Another problem, Fleming says, is that the well child may die and the money will pass on to his or her heirs — spouse or children. Will those people be willing to use the money for the benefit of your child with a disability, as you intended?
Q: Do I have to have an attorney to set up an SNT? How much does it cost? At what point do I have to do this?
A: Technically no, you don’t have to have an attorney, just as you don’t have to have an instructor to skydive. But who wants to jump out of a plane clutching a how-to book?
Because each individual’s needs and abilities are different, as are state laws and benefits, and the size of the inheritance varies, there is no one-size-fits-all SNT.
An attorney’s experience in this area is paramount, emphasizes attorney Stephen Dale of Walnut Creek, Calif., an SNT specialist and member of the Special Needs Alliance.
“The most common question people ask an attorney is, ‘How much will it cost?’” Dale says. “The better question is: ‘How many trusts have you actually seen under management?’”
In other words, has the attorney set up an SNT and then seen it used? SNTs usually aren’t used until the parents die, which can be decades after they’re set up. Attorneys may not know how their trusts actually function in the real world: Will they be too limiting, or not protective enough, or run afoul of the Social Security Administration?
Search for the best. In this phone-and-fax age, it’s possible to hire an attorney who doesn’t live nearby. (See “SNT Resources,” below, for ways to locate attorneys who specialize in this area.)
Dale says the cost to set up an SNT usually ranges from about $1,500 to $2,000. “Charging $5,000 or $6,000 is ridiculous, it’s gouging. But a $500 trust is just somebody filling in blanks, and you could do that yourself.”
Some attorneys are willing to take payments, and may give a free initial consultation in which they name the cost, says Fleming. Grandparents sometimes help with costs so they can leave funds to their grandchildren.
Which brings up timing. Obviously, given the uncertain nature of life, sooner is better than later. SNTs can be created up until your child turns 65. Usually this task moves to the top of a to-do list when parents draw up a will or their child turns 18.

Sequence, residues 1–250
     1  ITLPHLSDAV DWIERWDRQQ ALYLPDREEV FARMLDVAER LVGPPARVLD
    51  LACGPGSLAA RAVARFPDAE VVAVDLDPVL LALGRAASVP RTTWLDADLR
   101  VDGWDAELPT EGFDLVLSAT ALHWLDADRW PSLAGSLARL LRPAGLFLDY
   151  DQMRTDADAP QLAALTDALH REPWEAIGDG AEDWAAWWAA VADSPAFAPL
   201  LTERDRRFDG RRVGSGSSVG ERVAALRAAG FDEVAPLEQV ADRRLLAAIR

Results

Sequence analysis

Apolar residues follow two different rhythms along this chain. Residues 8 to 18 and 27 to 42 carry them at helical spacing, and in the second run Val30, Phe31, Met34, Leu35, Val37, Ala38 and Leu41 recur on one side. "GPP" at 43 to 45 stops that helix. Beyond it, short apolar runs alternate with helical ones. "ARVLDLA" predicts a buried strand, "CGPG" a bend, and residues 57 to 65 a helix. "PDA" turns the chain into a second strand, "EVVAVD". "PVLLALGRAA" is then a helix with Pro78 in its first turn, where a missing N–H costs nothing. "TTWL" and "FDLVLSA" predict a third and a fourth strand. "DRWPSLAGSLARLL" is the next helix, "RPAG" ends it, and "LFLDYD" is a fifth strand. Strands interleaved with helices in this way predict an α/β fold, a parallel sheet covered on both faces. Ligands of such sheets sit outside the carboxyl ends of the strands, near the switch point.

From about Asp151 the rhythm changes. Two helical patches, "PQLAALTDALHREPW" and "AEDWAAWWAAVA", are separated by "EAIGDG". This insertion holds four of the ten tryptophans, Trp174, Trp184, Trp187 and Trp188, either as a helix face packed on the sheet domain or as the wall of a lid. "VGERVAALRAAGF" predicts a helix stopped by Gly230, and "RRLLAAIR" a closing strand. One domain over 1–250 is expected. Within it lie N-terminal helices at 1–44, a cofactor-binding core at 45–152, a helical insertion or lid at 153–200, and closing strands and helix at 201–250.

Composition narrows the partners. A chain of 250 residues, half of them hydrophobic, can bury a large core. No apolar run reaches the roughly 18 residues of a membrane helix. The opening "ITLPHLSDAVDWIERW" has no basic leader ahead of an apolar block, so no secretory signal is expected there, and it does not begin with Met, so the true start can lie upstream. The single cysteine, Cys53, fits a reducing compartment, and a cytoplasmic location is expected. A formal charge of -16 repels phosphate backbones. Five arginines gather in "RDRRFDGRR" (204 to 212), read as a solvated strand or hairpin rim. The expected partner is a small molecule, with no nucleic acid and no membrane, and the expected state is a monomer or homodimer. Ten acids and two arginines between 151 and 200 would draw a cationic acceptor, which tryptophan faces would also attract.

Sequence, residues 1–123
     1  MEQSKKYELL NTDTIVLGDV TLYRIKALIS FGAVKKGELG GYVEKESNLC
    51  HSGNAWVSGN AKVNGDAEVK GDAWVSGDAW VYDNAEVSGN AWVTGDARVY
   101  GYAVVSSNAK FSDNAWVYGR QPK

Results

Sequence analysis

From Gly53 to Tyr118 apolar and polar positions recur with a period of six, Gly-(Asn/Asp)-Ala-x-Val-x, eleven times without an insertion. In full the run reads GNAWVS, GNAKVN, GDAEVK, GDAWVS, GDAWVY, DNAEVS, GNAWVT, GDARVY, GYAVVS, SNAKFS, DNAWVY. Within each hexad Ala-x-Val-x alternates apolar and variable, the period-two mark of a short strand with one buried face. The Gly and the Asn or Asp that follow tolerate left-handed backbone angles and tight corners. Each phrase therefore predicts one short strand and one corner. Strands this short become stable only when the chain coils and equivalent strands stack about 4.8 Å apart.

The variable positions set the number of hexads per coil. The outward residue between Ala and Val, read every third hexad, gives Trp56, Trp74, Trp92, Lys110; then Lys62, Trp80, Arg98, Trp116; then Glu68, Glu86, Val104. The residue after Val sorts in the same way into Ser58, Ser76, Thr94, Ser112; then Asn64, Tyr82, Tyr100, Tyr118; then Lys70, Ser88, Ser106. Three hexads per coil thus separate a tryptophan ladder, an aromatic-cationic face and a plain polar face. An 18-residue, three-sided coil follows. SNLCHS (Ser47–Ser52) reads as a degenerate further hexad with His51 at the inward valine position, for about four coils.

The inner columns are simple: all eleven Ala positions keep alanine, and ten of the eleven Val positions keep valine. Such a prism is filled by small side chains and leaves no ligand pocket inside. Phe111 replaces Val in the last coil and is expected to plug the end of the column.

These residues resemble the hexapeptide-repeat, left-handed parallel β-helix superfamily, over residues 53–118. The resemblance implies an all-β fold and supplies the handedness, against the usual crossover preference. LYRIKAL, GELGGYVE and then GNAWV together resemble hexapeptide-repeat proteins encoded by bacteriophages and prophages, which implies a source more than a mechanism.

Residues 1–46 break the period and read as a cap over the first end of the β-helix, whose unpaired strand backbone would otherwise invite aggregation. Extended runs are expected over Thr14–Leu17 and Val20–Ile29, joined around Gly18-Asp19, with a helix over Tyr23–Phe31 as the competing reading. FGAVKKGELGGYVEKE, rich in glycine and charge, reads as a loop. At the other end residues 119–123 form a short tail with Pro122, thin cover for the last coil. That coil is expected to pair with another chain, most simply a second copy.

Because of the valuable government benefits SNTs protect, they’re more than worth the time and money, says Dale.
“The cost of not doing an SNT is more than you can afford.”
Q: How do I pick a good trustee?
A: This is a critical decision. Trustees are responsible for protecting both the money and your child’s best interests. They completely control the funds, making investment and purchase decisions. If investments go bad, there goes the money. They pay bills, comply with special taxation rules and file paperwork. It’s a complicated job.
A co-trustee team would include a family member and a professional trustee. The family member has close contact with your child and the professional handles the technical end.
Professional or corporate trustees include banks, attorneys and individuals with expertise in this area. They charge a small percentage of the amount in the SNT. Many banks won’t handle SNTs of less than $300,000.
A family member trustee can use trust funds to hire technical help.
Merrill Lynch offers a service called Trust Administrative Advantage, which will do the trust’s accounting, pay the bills, file tax returns and help with questions about allowable expenses, taking most of the tricky financial responsibility off a family trustee. The service handles trusts as small as $25,000, and fees are based on a sliding scale.
“I feel responsibility should be given to family trustees, not corporate trustees, because family members are better informed of the day-to-day needs of the beneficiary,” says Chris Sullivan, vice president of Merrill Lynch’s Multicultural Marketing Group. “But it’s very important to have experts involved so you don’t make mistakes.”
In addition to appointing a trustee, it’s valuable to appoint a “trust protector” who isn’t a trustee but has the power to change trustees.
Q: What’s the downside of an SNT?